Tuesday, April 15, 2008
Parent to Parent: Autism and Surfing
This spring break, a group of children with autism got an amazing opportunity, the chance to learn how to surf. More amazing are the benefits this surfing camp gave the children. Dr. Valerie explains in today's Parent to Parent.
WSVN -- For this group of boys, today is much more than just a day at the beach.
Hilda Mitrani: "So moving to see him on the board and to see the look of fun and to see the look of determination on his face."
Hilda Mitrani admits she is in awe after seeing her son actually surf. She knows the importance this milestone has in his life.
Hilda Mitrani: "They are so excited. When David came home after the first day at camp I said to him, 'David, how was camp today?' And he said, 'Cool.'"
The camp is sponsored by UM and NSU, along with Miami Beach's Park and Recreation Department. It has been such a success, organizers would like to take it statewide.
Julio Magrisso: "We have our life guards, train their life guards. We have University of Miami go and teach them what to do, learn from our mistakes and hopefully come every spring and every summer. We can service 300 or 400 hundred kids."
For these kids with autism, the opportunity to socialize, interact and be active is not only a fun experience but essential therapy.
Cindy Casanova: "If there is any type of behavioral problem, the minute they are in the wave it completely soothes them. It changes their demeanor."
Seven's parenting expert Dr. Valerie Goode says that water helps to soothe the sensory overload that children with autism experience. The physical activity such as surfing and the benefits are endless.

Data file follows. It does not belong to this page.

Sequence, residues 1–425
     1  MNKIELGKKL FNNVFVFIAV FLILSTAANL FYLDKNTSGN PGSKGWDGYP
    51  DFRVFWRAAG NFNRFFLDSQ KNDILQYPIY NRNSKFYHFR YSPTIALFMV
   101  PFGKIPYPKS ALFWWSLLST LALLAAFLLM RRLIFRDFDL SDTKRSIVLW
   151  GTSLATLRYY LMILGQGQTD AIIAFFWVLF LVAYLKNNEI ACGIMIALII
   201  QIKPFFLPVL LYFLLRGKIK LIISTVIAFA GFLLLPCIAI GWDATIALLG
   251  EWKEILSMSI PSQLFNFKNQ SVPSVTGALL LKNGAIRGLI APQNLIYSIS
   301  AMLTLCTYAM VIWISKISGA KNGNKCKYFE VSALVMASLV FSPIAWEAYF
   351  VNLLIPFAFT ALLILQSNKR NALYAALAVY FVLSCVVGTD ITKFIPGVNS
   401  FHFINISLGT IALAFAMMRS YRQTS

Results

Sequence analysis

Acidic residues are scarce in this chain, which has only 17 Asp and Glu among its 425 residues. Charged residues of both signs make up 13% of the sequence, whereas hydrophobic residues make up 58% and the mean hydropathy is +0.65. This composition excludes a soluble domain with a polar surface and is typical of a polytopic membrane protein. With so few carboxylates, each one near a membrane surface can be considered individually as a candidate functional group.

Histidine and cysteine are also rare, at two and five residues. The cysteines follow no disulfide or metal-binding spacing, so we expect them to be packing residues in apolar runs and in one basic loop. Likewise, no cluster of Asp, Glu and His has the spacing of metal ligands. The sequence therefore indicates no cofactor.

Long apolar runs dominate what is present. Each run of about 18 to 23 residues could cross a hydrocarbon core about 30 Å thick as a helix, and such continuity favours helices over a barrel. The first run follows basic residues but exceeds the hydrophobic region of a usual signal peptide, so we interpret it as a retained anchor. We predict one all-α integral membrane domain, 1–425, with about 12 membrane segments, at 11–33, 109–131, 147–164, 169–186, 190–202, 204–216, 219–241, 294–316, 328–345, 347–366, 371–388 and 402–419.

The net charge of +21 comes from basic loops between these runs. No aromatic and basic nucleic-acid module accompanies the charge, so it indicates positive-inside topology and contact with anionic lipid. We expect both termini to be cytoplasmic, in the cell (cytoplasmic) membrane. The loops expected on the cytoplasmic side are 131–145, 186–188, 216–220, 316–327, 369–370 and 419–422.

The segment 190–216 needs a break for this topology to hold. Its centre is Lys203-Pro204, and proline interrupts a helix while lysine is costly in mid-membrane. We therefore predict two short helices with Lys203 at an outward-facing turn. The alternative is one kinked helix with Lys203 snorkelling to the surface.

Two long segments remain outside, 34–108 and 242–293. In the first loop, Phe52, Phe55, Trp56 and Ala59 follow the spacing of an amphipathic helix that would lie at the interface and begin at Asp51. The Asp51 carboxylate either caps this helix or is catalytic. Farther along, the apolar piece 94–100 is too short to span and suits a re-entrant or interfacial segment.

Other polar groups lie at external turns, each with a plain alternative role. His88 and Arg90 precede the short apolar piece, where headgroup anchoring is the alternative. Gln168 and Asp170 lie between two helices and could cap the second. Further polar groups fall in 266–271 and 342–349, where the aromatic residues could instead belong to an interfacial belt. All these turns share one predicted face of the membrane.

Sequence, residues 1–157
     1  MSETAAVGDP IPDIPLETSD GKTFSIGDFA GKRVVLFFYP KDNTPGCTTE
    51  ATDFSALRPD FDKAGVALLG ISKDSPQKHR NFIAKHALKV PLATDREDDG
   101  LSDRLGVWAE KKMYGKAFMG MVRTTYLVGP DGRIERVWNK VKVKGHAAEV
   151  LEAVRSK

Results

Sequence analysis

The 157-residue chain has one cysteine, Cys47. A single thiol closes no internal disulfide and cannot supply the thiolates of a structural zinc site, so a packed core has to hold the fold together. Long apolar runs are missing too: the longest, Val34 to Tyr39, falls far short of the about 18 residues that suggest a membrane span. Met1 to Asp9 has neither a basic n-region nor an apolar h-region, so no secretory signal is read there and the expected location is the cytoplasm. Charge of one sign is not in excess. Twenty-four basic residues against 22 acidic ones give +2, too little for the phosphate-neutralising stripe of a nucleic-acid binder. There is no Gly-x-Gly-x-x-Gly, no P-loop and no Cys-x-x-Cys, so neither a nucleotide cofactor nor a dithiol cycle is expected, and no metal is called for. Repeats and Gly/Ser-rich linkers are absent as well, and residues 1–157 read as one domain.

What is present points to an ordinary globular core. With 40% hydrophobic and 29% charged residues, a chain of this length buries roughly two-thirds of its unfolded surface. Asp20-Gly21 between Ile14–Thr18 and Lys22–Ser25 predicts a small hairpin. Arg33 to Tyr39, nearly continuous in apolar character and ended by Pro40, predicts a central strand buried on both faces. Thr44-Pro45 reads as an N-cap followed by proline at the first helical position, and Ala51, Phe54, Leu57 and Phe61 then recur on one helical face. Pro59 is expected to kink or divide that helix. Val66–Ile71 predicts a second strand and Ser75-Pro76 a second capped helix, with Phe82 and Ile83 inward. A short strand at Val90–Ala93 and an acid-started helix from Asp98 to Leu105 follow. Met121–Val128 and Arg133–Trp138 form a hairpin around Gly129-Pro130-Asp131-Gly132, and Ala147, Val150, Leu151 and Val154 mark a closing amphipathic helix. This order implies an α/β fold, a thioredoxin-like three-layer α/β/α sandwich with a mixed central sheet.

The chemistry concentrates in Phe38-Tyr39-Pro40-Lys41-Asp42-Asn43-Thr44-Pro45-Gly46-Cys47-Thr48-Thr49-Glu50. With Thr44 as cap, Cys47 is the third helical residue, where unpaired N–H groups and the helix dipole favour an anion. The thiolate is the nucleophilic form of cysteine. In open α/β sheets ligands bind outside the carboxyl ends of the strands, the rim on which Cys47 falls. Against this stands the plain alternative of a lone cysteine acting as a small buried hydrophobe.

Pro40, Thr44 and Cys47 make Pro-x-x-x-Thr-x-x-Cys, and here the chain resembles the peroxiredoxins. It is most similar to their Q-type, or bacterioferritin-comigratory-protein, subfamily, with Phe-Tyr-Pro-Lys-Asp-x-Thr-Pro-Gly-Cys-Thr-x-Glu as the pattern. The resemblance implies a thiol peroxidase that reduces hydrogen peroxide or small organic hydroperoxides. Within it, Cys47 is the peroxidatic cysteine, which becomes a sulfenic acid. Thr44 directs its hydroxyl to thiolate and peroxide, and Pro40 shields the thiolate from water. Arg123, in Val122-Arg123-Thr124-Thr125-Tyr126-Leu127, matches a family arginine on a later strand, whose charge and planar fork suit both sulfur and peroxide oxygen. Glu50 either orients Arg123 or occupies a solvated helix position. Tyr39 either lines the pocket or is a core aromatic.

Dr. Valerie: "Being in the water and using their muscles, they totally involved themselves, and they are involved with the other children, which is excellent."
Dr. Valerie says getting children with autism involved in any sport will build their self-esteem. Also, being in a team will help them interact with others and build their social skills.
Dr. Valerie: "Giving them the opportunity to learn those kinds of adventures. Its really good for them."
For these 10 boys, the camp has given them an opportunity to connect with something they love.
Hilda Mitrani: "That's amazing for David to be so expressive and to making eye contact with you and to talk so well about what he likes about the camp. Thank you, city of Miami Beach, thank you."
Lynn Martinez: "If you would like more information about the camp you can contact the Card Institute at 1800-Autism, extension 1. They are already planning for the next one, which will be held in the summer."
FOR MORE INFORMATION:
Dr. Valerie Goode